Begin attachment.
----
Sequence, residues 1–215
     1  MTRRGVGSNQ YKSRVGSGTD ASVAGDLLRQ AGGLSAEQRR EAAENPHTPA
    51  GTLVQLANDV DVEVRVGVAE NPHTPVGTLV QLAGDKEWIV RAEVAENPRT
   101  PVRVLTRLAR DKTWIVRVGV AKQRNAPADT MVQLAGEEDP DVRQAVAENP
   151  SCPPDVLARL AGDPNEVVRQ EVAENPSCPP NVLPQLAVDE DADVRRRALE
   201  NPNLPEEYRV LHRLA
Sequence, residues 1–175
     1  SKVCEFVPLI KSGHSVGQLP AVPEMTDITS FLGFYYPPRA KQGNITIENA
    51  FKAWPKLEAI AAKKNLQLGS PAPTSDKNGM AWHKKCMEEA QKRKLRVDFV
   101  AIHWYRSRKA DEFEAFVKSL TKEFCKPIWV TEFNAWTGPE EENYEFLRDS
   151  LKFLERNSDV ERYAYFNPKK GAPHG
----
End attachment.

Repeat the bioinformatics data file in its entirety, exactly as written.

Sequence, residues 1–215
     1  MTRRGVGSNQ YKSRVGSGTD ASVAGDLLRQ AGGLSAEQRR EAAENPHTPA
    51  GTLVQLANDV DVEVRVGVAE NPHTPVGTLV QLAGDKEWIV RAEVAENPRT
   101  PVRVLTRLAR DKTWIVRVGV AKQRNAPADT MVQLAGEEDP DVRQAVAENP
   151  SCPPDVLARL AGDPNEVVRQ EVAENPSCPP NVLPQLAVDE DADVRRRALE
   201  NPNLPEEYRV LHRLA
Sequence, residues 1–175
     1  SKVCEFVPLI KSGHSVGQLP AVPEMTDITS FLGFYYPPRA KQGNITIENA
    51  FKAWPKLEAI AAKKNLQLGS PAPTSDKNGM AWHKKCMEEA QKRKLRVDFV
   101  AIHWYRSRKA DEFEAFVKSL TKEFCKPIWV TEFNAWTGPE EENYEFLRDS
   151  LKFLERNSDV ERYAYFNPKK GAPHG